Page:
Activists in Germany are again attempting to create narratives that the gaming community, particularly online, is rife with bigots and bigoted behaviors, such as racism, and misogyny.
The frustration of having such a large community that is unwilling to bend to their agendas is becoming too great and they’re back for another attack.
It’s now getting taken a step further with references to fascism. The campaign is strongly titled “No Pixels for Fascists,” and in the words of its representative Pascal Wagner, it is a network of bloggers, journalists, podcasters, YouTubers, developers, and others who are uniting against what is described as “anti-democratic and inhumane” gaming trends.
Specifically, the group aims to tackle those it considers to be Nazis, homophobes, sexists, and the like, who they say are using games and gaming to advance their cause.
According to Wagner, the campaign is promoting anti-racist, “LBGTQIA+” friendly and feminist game culture and wants to push back against its designated targets “both online and offline.”
In the interview, Wagner specifically mentioned GamerGate as a “hate movement” that was “used” by (pro-gamer /s) US President Donald Trump and his associates in the run-up to the 2016 election.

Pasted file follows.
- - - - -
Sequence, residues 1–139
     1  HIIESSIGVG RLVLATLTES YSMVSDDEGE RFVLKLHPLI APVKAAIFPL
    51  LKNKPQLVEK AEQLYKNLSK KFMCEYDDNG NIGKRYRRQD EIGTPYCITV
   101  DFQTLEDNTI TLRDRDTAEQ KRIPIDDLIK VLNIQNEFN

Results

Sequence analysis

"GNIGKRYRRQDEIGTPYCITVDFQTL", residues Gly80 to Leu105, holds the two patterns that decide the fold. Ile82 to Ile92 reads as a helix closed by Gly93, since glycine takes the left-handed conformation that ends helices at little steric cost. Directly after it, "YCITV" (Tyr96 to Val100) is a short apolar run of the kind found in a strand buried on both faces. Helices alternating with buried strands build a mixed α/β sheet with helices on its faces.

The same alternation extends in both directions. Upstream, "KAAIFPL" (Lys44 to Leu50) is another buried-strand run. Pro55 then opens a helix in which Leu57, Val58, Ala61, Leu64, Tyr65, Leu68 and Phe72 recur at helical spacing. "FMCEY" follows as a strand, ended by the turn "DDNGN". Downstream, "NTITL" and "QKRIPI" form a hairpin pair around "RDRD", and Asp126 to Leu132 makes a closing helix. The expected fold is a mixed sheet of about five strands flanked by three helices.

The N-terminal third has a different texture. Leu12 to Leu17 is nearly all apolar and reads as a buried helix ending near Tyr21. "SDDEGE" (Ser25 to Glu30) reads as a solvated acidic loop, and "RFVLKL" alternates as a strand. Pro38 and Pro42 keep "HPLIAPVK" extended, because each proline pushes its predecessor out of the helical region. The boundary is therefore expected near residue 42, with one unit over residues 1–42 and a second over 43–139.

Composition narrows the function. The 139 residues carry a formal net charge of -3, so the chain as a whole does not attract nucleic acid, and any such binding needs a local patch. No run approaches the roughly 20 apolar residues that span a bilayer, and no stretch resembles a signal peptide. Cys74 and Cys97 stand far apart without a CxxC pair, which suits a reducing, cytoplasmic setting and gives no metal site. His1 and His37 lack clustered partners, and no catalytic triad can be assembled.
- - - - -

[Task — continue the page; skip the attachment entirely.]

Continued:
In another write-up about the new German campaign, blogger Michelle Janssen, who seems to specialize in the language police segment of the movement, speaks about what she perceives as the negative influence of YouTubers.
According to Janssen, people can be accused of being supporters of right-wing ideas even if they don’t actually espouse them; it’s enough to use right-wing rhetoric, “or to allow members of your own community to do so” – i.e., not exercise censorship diligently enough.
“YouTubers need to be aware that they have as much (if not more) influence as television, radio and other popular online media. They are no longer individuals who make problematic jokes in small circles, but propagate to millions of young people and young adults that such things are not only not right, but acceptable and normal.
Statements and jokes with right-wing rhetoric do not make you a Nazi, but they support the normality of these things, which are pushed ever further into our society, especially from the right, especially in gaming circles. They help right-wing organizations and groups to be classified as normal and harmless.”
Therefore, even YouTubers who are not branded as outright “fascist” are basically described as enablers and normalizers of bad behavior because they don’t exercise their influence with proper caution and Janssen’s entire argument sounds like an appeal to well-known creators, in particular, to engage in a form of self-censorship.
That, as well as the idea of fascism, would not be a foreign concept to Anetta Kahane, founder of one of the main backers of “No Pixels for Fascists,” the Amadeu Antonio Foundation. During the Cold War years, Kahane was an informant of East Germany’s secret police, Stasi.
“No Pixels for Fascists” is today also supported by the German government, and endorsed by gaming giant EA.